.comment-link {margin-left:.6em;}

Finding Faith in Faith

This blog is dedicated to exploring the intersections of faith and politics, the intricacies of religious culture and the struggle to balance devotion to a higher being and to one’s culture.

Sunday, September 07, 2008

Community United Church of Christ

I had often heard about the differences between the United Churches of Christ and the Churches of Christ. Growing up, this distinction was largely one of negative reinforcement: the Church of Christ is the "true church" and the United Church of Christ is a pretender.

In the past few years, I've wondered at the actual difference. The controversies surrounding Jeremiah Wright and Trinity United Church of Christ in the past couple of years had drawn me to examine the movement closer, and I discovered that the largest difference appeared to be of a political persuasion.

Although the Church of Christ is officially apolitical (earlier strands of our movement had even objected to their memberships voting or serving in the military), I believe at this point it is fair to say at this point that the movement is socially conservative. The "progressive" or "liberal churches" that raise the ire of the core of the movement are dubbed so normally only on worship style and format: whether women may participate, what types of music will be offered, what role technology should play in the worship service, etc.

But the United Church of Christ movement is socially progressive, and its membership seems to favor activist stances organized around and through the church.

Community United Church of Christ
would appear to be no exception.

Our first clue to the nature of the congregation was a sign on the front door that indicated that gay and lesbian believers would be welcomed and embraced by the congregation. In addition, the foyer's handout rack (which in conservative churches is normally filled with tracts explaining the "correct" theological position on various issues) was filled with opportunities to become involved in community programs, everything from Habitat for Humanity to race-relational programs to recycling advocacy groups.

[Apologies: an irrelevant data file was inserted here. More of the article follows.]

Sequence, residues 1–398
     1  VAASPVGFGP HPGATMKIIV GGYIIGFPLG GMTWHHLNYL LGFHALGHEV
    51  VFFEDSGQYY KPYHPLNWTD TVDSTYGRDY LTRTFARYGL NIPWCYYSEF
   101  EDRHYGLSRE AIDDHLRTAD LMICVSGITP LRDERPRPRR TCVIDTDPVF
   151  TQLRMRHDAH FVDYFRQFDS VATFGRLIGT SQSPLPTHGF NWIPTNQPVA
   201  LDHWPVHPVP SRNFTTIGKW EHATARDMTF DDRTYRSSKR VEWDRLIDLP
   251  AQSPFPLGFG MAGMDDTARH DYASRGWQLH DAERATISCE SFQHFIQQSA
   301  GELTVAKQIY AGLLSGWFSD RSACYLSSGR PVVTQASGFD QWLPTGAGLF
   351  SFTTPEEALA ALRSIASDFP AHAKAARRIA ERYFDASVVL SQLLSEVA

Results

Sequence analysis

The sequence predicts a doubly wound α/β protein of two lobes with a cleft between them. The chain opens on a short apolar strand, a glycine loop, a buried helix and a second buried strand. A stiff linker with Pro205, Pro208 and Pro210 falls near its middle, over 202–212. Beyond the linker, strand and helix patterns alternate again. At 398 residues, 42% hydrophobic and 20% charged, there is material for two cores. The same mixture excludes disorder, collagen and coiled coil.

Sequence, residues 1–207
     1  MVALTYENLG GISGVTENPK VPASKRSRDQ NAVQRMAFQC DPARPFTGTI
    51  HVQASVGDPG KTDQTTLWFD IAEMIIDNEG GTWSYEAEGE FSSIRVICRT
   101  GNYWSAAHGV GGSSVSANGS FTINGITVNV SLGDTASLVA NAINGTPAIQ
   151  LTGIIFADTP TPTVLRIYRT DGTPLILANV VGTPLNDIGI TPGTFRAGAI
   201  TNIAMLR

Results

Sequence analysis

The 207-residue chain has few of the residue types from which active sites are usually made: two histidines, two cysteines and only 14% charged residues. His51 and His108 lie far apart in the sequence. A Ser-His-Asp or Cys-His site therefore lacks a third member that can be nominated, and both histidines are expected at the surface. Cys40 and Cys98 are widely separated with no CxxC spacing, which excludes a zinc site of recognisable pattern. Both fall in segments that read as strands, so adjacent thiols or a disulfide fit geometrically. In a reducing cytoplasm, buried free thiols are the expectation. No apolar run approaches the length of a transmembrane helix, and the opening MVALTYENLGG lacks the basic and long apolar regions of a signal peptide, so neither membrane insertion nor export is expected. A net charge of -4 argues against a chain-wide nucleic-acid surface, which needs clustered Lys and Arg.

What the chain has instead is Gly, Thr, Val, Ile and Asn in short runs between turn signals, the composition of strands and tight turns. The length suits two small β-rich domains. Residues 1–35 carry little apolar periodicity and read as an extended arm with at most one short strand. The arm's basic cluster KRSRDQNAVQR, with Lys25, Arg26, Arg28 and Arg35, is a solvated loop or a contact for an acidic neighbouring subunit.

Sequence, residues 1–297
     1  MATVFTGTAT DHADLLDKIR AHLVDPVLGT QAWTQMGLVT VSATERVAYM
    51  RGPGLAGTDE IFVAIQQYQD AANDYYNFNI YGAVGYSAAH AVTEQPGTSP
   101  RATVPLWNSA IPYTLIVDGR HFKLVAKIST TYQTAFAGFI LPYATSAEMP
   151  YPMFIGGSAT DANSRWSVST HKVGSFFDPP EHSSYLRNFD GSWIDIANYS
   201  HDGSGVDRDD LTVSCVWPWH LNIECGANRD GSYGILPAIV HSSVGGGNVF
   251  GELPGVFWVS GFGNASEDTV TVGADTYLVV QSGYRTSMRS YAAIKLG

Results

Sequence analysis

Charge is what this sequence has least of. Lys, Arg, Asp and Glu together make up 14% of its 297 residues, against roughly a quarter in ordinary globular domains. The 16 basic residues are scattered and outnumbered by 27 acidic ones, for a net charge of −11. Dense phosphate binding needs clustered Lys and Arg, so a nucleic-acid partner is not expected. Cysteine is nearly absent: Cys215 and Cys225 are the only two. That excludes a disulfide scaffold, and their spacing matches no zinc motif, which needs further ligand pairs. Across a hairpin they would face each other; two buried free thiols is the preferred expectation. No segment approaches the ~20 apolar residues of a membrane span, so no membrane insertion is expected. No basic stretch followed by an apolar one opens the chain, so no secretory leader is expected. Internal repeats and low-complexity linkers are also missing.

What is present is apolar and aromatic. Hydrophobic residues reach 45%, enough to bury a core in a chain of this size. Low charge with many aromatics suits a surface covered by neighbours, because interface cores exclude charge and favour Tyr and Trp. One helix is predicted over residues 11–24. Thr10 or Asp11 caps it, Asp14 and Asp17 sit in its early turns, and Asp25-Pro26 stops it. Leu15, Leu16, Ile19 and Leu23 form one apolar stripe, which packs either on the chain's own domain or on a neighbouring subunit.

The pastor, Pete Terpenning, did not deliver a sermon in the sense that I have been accustomed. Rather, he delivered a communion meditation that referenced our position in this world and our role in the politics of our country. This presentation evolved into a doxology and then a free forum in which members took turns explaining their joys and concerns to the congregation.

At one amusing point, Terpenning took the microphone from a young man who had presented a lengthy collection of thoughts about our role in political injustice and said to the congregation, "This is a good point. If we do not work to combat injustice in our society, who will care for those who cannot fight for themselves?" Without missing a beat, and elderly woman on the front row turned and pumped her fist in the air and cried "OBAMA!"

The congregation broke into soft laughter, and then moved into the communion ritual itself.

It was an odd experience worshiping in a church whose politics lean left of center. Having developed a preference that worship be apolitical (largely because I have rarely felt comfortable expressing conservative ideology in worship, the dominant cultural bias in most churches of which I've been a part), it was strange to feel my private passions vindicated within a communal setting.

I still do not know if my sentiments regarding the intersection between religion and politics will lead me to easy comfort within formal worship expressions of political positions (no matter how deeply those particular positions resonate within my own). But I found the experience affirming and greatly appreciated the love and compassion expressed to others that morning.

This church is my early favorite.


Post a Comment

<< Home